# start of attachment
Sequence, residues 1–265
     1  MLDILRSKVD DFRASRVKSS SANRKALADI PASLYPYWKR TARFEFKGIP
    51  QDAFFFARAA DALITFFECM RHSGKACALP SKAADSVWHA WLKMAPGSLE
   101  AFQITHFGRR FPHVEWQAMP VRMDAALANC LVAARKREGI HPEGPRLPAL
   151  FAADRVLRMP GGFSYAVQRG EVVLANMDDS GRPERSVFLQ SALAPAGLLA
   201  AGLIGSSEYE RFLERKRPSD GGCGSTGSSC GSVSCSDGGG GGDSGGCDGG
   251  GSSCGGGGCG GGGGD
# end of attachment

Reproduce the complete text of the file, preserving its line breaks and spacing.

Sequence, residues 1–265
     1  MLDILRSKVD DFRASRVKSS SANRKALADI PASLYPYWKR TARFEFKGIP
    51  QDAFFFARAA DALITFFECM RHSGKACALP SKAADSVWHA WLKMAPGSLE
   101  AFQITHFGRR FPHVEWQAMP VRMDAALANC LVAARKREGI HPEGPRLPAL
   151  FAADRVLRMP GGFSYAVQRG EVVLANMDDS GRPERSVFLQ SALAPAGLLA
   201  AGLIGSSEYE RFLERKRPSD GGCGSTGSSC GSVSCSDGGG GGDSGGCDGG
   251  GSSCGGGGCG GGGGD